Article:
I have some friends who are really seeking and praying that God would send a revival to our country. I have to admit, it’s not the highest priority of prayer in my life, but I’ve sort of caught their enthusiasm. They’ve told me some things about revival: that it always begins with a season of prayer and that there is an outpouring of God’s Spirit. There are public prayer meetings and private prayer meetings, but the commonality between the revivals that they have studied is that they always began with concerted, focused prayer. The second thing they’ve found is that there’s always an openness to what God wants to do – not a pre-prescribed package, not a plan, not a program – but just an openness of saying, “God, I give you permission to use me any way you want. You have permission to change me, transform me, and equip me for revival.” The third component is confession. Whenever God moves, there’s confession of sin, confession of our unrighteousness. Then God washes us and gives us freedom. It is in that freedom where the revival comes. The bondage and chains of sin are broken and revival is the natural outgrowth of it. The fourth characteristic that seems to emerge is that there’s always a declaration. A declaration of God’s goodness and God’s graciousness and God’s salvation by grace. We declare who God is and we declare His righteousness over our cities and our land. It’s kind of interesting, but the declarations happen in different ways now. Many of them happen electronically. Some of the things that my friends send me are just words over our country that are powerful about revival. And they would never been able to be disseminated without the electronics and technology that we have now. It’s...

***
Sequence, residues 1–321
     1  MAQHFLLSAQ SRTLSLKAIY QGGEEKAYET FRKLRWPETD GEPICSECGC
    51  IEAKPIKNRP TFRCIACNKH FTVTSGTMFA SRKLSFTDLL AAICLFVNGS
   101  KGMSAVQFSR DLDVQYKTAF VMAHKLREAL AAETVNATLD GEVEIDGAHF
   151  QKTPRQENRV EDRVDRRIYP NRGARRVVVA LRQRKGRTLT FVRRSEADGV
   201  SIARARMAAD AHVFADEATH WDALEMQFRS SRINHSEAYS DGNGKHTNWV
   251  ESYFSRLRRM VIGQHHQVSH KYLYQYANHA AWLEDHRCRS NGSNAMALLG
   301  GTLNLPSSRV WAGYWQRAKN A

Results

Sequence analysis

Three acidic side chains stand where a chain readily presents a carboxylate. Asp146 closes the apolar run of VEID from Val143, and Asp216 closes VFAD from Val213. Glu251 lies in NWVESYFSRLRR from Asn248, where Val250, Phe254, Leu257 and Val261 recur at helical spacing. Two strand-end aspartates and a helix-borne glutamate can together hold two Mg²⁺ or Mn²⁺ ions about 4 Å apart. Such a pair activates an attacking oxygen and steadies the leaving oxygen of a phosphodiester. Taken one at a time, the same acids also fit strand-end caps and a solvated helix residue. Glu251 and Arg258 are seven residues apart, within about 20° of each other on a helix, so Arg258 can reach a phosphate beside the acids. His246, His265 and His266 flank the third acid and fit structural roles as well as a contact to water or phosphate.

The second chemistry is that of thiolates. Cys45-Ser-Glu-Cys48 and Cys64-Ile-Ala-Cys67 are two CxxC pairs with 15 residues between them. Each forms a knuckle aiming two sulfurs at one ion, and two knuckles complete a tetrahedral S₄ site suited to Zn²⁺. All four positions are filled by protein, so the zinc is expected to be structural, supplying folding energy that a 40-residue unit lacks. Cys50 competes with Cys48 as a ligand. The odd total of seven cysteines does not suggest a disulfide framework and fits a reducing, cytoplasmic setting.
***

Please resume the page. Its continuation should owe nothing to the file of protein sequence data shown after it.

I am writing this blog from Wheaton where my only granddaughter, who turns two on Saturday, lives. For the first time in my life, I get a whole day by myself with my granddaughter. We have already played hide-and-go-seek, she has jumped all over me, we’ve thrown the ball, we’ve colored, and this is only in the first hour! I’ve got another seven hours before her parents come home. I am having a wonderful time. Partly because Flora is just simple: she doesn’t expect much. Throwing the ball is great fun for her. Standing on my chest and falling down is great fun for her. She doesn’t understand personal space. She just is. I love that about her. I also love something I’ve never experienced before: she is a product of our family line. She’s part of me. She has my DNA. And I began to think – Jesus has grafted me into His family. He loves me. He’s accepted me. He’s allowed me to be part of this family. I didn’t make a choice with Flora because she is my DNA. But God chooses us. We have a family relationship. Little Flora calls me “Papa” and when she drags me over for the 53rd time to read the same book, I do it because I love her and she’s part of me. That’s why God has done what he did on the cross for us: because He loves us.

God's Provision